If you would like to join in on our book club call April Martin at 520-733-9685 or write to her at and she will fill you in on the details.



Come to VRATE By Dan Martinez

Your 14th Annual Vision Rehabilitation and Technology Expo (VRATE) will be held Friday October 29, 2010 9:00 a.m. to 4:00

p.m. at the Glendale Civic Center located at 5750 West Glenn Drive, Glendale, Arizona. This event is open to the public free of charge.

Come to VRATE and hear experts in the field of vision rehabilitation, see assistive technology with the potential to change your life, and talk with representatives from groups, organizations and agencies dedicated to supporting people who are visually impaired. People with combined hearing and vision impairment will benefit from information and services focused on the Deaf/Blindness.

Volunteers will be available to assist you in moving around the convention hall. If you need ASL or Tactile Interpreting please let us know as soon as possible by emailing your request to or calling (602) 273-7411 x 140.

If you are attending VRATE from out of town, the Glendale Visitor Center at 623.930.4500 or Toll-free 877.800.2601 can provide you with information on hotels in the area.

(The following is for information only and is not intended to be an endorsement or recommendation. DM) The Glendale Inn & Suites at 7116 N. 59th Ave. Glendale, AZ 85301  (623) 9399431 is located within easy walking distance from the Civic Center. Room rates vary from $49 - $159 depending on the season.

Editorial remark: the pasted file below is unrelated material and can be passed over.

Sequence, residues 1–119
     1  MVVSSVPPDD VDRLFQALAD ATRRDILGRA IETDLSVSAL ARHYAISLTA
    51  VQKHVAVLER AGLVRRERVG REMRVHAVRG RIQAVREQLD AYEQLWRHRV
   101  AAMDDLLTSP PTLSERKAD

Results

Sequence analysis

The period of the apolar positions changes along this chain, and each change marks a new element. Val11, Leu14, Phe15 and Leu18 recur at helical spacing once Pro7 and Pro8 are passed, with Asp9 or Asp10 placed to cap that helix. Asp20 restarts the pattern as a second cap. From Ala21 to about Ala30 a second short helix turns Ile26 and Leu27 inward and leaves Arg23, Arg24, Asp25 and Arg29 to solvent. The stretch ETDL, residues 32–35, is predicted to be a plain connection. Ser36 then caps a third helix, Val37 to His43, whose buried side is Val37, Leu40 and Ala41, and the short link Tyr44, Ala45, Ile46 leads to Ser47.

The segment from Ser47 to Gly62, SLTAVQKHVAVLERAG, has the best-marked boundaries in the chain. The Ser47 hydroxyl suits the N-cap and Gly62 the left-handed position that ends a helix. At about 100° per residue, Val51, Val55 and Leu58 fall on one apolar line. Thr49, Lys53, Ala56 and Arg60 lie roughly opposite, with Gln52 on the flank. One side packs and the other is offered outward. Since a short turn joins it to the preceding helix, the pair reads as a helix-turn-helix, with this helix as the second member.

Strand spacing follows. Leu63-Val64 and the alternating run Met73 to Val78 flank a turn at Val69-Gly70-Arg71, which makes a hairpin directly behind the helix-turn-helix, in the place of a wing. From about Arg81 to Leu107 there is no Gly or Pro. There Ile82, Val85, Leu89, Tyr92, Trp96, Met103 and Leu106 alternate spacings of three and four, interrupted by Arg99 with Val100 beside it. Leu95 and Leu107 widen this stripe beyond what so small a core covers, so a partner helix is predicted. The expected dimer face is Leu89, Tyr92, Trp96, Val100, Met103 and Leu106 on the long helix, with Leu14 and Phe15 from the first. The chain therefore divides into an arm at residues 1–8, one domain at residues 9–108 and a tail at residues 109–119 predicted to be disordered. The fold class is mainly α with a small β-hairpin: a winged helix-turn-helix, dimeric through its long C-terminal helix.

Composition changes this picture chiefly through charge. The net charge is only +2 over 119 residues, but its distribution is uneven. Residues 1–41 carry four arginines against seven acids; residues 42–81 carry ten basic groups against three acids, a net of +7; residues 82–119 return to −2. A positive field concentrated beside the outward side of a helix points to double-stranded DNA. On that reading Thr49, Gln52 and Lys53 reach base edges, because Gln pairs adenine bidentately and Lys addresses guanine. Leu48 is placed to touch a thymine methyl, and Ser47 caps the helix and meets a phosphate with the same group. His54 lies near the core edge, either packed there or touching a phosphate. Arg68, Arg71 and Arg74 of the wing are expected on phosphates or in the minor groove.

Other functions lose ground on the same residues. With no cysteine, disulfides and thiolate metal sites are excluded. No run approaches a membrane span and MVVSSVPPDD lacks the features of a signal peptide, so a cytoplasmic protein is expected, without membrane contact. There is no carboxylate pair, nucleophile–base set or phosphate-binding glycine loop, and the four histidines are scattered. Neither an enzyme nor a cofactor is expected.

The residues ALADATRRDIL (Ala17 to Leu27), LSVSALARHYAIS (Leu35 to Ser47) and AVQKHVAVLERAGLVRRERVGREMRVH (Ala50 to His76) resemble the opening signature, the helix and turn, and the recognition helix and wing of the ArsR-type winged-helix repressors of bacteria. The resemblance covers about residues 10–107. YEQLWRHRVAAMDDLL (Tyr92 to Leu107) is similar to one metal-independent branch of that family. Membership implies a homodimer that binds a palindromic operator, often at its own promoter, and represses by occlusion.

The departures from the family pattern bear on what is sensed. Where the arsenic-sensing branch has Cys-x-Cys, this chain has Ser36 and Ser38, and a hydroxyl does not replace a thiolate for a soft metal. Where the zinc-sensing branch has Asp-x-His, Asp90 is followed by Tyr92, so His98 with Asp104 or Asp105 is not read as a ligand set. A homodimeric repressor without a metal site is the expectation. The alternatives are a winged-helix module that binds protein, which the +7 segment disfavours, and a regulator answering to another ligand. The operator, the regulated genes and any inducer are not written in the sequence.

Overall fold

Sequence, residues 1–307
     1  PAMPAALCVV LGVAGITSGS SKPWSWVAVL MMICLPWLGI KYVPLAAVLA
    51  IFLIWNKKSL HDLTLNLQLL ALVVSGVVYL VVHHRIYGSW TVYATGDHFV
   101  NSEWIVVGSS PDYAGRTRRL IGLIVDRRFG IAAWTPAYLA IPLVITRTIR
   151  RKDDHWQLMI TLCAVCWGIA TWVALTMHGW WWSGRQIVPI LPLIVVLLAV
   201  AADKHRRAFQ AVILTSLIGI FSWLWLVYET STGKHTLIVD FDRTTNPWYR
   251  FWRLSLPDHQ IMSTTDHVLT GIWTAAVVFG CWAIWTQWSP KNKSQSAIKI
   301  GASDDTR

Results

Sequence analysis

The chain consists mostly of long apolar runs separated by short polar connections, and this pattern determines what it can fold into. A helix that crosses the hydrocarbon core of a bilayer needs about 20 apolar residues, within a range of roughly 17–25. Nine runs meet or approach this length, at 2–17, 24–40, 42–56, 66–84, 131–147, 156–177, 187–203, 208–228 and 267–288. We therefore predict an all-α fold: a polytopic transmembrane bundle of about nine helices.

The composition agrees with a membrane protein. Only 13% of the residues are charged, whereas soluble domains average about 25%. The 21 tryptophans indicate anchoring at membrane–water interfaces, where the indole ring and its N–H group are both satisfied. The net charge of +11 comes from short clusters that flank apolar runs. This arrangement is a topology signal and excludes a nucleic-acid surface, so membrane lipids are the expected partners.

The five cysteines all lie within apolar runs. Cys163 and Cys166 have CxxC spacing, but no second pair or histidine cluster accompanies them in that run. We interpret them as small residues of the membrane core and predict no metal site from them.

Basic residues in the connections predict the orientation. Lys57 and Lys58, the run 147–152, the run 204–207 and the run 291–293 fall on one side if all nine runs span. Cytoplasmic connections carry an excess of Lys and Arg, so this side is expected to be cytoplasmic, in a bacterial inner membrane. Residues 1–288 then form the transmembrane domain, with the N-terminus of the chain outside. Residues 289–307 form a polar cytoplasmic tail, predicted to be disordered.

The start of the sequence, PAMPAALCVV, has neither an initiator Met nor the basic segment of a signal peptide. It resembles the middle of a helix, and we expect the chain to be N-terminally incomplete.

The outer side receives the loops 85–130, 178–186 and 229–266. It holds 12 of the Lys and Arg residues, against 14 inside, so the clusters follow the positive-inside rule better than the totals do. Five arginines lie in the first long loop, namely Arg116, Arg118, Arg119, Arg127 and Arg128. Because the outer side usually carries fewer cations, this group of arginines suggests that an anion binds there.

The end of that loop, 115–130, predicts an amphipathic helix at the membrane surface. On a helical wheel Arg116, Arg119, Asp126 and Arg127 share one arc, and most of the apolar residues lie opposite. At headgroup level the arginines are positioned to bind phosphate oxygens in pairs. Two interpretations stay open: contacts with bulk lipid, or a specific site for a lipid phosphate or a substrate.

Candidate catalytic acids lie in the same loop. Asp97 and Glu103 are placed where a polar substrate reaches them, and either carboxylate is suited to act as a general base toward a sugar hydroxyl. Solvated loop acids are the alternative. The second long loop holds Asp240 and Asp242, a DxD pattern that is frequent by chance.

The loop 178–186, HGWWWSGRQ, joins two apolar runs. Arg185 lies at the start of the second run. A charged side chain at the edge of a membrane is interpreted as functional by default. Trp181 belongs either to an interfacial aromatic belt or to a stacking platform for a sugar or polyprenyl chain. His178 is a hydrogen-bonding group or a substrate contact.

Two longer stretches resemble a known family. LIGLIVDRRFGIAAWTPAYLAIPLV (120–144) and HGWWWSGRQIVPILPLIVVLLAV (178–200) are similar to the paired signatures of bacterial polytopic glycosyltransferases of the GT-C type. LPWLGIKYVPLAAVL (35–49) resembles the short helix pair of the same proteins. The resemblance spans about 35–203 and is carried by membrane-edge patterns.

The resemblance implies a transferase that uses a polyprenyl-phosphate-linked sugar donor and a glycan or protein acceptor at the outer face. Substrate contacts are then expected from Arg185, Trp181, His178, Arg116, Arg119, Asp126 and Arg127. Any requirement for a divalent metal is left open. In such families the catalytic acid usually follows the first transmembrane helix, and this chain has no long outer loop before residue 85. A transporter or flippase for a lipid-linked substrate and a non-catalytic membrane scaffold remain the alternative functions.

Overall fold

There is FREE shuttle service from 19th Ave. and Montebello light rail platform to and from the VRATE event will be available with prior reservation! For further information please visit the VRATE website at or call (602) 331-7909 for a recorded message. Web Site:


AzCB and Foresoght Information

Foresight is available in Braille, large print and audiocassette.  Publication is Quarterly with free subscription to members of AZCB.  Subscription requests, address changes and items intended for publication should be sent by e-mail to the newsletter editor, Dan Martinez. AZCB is the statewide affiliate of the American Council Of The Blind based in Arlington, VA.  ACB is a national consumer membership organization with more then seventy state and special interest affiliates.  To join AZCB, visit our website and complete an application form.  Or you may contact our office voice mail for a return call.

        AZCB staff and governing board are all volunteers and perform their duties without pay.

        Those much needed tax-deductible contributions should be sent to the Arizona Council of the Blind at the office mail address below.  All contributions are gratefully acknowledged in writing in a timely manner.  If you wish to remember AZCB in your will or if your contribution involves complex issues, please call our Phoenix office voice mail for a return response.



3124 East Roosevelt, Suite 4

Phoenix, AZ 85008



Ron Brooks, President




Daniel M. Martinez, Foresight Editor